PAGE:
C. Preventing the potential transfer of vancomycin resistance to other gram-positive microorganisms (including S. aureus and S. epidermidis) within the facility and the community.
Q) What Infection Control Practices should be adopted to prevent spread of VRE in hospital setting?
A) Consistent application of sound infection control practices will reduce the spread of many nosocomial pathogens, including VRE. Such practices do not depend on the identification of VRE cases, and should be applied in all patient care situations. Specific practices that should be especially followed when caring for VRE cases include:
1) Hand Washing, Gloves, and Gowns
Antiseptic soap is recommended for hand washing
Staff and visitors should wash hands after any contact with a VRE case prior to leaving the resident’s room.
A resident identified as a VRE case should wash his/her hands after any personal hygiene activities (e.g., toileting) and prior to leaving his/her room for group activities. A resident who cannot wash his/her own hands should be assisted with hand washing in these instances.
Staff should wear gloves when providing care which involves any personal contact (e.g., changing clothes, bathing). In the course of resident care, gloves should be changed before further contact with clean surfaces, the resident, or staff if they have become soiled with potentially infectious material (e.g., stool, urine). After such care, staff should remove gloves and wash hands. Care should be taken to avoid touching environmental surfaces or other residents or staff after caring for a VRE case and prior to washing hands.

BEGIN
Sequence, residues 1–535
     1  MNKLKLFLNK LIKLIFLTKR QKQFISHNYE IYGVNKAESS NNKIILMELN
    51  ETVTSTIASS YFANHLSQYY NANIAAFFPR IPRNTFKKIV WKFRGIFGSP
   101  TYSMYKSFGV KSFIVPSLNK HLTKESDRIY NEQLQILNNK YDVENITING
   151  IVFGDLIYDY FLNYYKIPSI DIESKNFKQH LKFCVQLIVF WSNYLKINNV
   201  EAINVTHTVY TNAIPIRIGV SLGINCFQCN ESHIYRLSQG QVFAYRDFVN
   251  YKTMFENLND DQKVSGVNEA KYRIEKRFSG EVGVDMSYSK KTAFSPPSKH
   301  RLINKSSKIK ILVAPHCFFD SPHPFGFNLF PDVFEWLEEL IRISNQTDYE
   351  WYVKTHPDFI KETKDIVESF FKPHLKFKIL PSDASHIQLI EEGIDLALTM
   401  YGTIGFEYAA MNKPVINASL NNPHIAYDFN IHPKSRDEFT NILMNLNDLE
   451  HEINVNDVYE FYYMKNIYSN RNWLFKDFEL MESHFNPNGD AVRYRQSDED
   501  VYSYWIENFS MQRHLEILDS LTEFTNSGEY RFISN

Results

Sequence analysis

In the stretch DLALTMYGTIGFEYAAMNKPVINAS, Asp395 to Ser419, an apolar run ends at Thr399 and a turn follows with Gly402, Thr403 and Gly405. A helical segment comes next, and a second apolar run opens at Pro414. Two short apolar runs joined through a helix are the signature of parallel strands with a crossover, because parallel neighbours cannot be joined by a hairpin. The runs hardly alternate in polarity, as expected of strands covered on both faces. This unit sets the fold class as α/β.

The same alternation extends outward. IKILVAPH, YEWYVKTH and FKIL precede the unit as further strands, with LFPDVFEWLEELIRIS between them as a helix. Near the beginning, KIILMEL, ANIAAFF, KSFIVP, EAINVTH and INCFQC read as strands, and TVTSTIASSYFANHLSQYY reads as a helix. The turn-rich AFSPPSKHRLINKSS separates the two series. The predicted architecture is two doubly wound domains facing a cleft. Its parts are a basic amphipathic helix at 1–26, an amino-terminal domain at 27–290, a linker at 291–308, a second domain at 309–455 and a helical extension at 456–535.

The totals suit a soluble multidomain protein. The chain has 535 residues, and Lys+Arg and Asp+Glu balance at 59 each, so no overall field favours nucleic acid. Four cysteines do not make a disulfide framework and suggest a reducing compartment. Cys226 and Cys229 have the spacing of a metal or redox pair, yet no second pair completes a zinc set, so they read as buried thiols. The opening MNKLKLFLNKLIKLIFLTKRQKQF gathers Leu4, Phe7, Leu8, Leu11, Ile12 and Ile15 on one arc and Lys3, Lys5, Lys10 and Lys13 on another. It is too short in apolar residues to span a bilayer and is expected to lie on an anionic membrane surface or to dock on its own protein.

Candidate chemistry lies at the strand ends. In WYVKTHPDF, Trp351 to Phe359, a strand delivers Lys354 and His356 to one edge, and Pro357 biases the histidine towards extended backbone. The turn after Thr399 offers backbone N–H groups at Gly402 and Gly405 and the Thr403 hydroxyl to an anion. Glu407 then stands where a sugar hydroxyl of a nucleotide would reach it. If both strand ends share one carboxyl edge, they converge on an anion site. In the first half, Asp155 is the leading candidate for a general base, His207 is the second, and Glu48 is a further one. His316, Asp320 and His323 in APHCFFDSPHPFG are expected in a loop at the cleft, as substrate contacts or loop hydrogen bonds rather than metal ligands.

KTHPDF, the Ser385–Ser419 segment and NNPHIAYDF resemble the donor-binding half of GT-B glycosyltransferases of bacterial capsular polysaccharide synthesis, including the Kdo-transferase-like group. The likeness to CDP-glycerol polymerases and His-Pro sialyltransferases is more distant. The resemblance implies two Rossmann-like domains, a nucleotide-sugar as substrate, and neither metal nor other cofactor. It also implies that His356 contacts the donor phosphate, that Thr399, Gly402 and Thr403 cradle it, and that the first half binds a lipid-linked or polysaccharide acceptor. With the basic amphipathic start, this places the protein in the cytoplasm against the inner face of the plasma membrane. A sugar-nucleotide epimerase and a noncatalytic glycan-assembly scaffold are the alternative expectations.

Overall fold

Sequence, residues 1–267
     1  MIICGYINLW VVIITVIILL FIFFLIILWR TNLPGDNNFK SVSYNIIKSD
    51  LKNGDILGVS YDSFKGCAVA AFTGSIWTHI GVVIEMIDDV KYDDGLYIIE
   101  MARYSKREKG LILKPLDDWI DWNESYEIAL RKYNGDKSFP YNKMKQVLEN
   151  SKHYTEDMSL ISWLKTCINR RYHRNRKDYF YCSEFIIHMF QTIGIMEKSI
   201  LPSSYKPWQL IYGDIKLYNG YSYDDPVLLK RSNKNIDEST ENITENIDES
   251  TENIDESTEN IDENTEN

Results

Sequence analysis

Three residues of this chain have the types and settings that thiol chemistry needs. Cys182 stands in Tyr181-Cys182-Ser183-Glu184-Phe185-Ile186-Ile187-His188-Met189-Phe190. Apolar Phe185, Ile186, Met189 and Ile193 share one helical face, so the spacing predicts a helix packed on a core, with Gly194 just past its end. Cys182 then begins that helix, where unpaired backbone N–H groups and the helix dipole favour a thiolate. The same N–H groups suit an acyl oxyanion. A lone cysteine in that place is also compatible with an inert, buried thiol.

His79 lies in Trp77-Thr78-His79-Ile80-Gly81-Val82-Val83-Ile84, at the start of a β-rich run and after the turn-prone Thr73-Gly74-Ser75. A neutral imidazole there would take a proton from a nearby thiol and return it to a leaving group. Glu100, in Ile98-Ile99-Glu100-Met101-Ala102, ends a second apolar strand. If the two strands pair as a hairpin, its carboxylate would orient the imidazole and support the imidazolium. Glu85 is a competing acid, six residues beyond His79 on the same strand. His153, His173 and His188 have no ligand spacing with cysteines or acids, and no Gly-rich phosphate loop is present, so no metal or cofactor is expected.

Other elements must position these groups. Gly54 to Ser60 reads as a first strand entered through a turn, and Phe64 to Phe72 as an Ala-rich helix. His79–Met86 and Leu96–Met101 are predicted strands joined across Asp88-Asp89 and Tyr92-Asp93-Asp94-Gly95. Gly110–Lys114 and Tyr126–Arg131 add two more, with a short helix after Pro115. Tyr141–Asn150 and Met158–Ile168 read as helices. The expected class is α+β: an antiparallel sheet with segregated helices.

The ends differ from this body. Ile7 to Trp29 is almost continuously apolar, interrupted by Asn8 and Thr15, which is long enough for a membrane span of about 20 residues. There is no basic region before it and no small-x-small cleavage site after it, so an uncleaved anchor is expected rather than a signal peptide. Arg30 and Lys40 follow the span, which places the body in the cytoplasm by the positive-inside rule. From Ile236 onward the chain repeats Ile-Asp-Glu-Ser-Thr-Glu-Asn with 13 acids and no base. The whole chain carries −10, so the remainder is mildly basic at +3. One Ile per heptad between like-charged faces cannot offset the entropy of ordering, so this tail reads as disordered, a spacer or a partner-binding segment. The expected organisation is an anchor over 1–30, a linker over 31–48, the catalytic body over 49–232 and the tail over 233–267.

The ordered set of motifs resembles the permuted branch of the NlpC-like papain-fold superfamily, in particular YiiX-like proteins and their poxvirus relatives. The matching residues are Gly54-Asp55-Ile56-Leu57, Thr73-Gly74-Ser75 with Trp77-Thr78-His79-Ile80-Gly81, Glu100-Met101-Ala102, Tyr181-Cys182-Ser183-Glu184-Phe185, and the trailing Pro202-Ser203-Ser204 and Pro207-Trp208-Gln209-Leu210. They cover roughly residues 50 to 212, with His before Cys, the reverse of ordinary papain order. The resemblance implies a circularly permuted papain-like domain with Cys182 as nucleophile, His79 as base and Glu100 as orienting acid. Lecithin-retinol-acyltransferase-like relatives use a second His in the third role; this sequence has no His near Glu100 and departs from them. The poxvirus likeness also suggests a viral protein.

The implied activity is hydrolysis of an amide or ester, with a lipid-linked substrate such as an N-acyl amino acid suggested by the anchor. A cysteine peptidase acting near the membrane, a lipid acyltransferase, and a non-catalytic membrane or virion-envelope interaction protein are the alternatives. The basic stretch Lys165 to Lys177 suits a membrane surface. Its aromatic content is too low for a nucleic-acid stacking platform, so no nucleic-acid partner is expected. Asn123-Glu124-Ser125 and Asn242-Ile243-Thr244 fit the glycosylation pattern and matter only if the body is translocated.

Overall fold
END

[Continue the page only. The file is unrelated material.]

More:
Gowns should be worn if the provider’s clothing is likely to have substantial contact with a VRE case in the course of care. Gowns should be removed
2) Environmental Surface Precautions
Rooms of VRE cases should be cleaned daily; frequently touched surfaces (e.g., bed rails, bedside tables, doorknobs) should be cleaned with an EPA-approved hospital grade disinfectant-detergent, in accordance with the manufacturer’s instructions. It should be noted that, although VRE is difficult to treat in the individual, it is not more difficult to eradicate from environmental surfaces than other enterococci or similar bacteria.
Patient-care equipment with which a VRE case has contact should be cleaned and disinfected prior to use on another resident.
Upon discharge or transfer, the room of a VRE case should undergo “terminal cleaning” with an EPA-approved hospital grade disinfectant-detergent.
3) Room Placement
A. VRE case should receive special consideration for room placement within the hospital. The order of preference for room placement is:
A private room;
A room with other resident(s) known to be VRE cases (i.e., cohorting); or
A room with other resident(s) who are not at increased risk for infection (e.g., residents without vascular lines, catheters, stomas, decubiti, or other wounds), and who do not have MRSA infection or colonization.
A resident identified as a VRE case who is incontinent of either urine or feces (regardless of the site of documented infection or colonization) or who is unreliable in personal hygiene should be placed in a private room or cohorted in a room with another VRE case.
A VRE case should never be placed in the same room as a resident with current MRSA infection or colonization
Q) What is the clinical laboratory method for VRE detection?
A) METHOD FOR DETECTING VRE
|Methods||Antibiotic concentration||Inoculum Density||Media||Incubation temperature||Incubation time||Result interpretation|
|Agar screening method||6 ug /ml||Adjust inoculum to 0.5% McFarland in 0.9% saline||Streak small area (10-15mm) on Muller Hinton Agar.
|35oC||Full 24 hours||No growth or 1colony=
>1colony vancomycin resistant
Q) What are the QC strains used in the agar screening method?
A) Entercoccus fecalis ATCC 29212-Vancomycin susceptible.
Entercoccus fecalis ATCC51299-Vancomycin resistant.
CLINICAL MICROBIOLOGY PROCEDURES HANDBOOK — ASM (American Society Manual 2nd edition)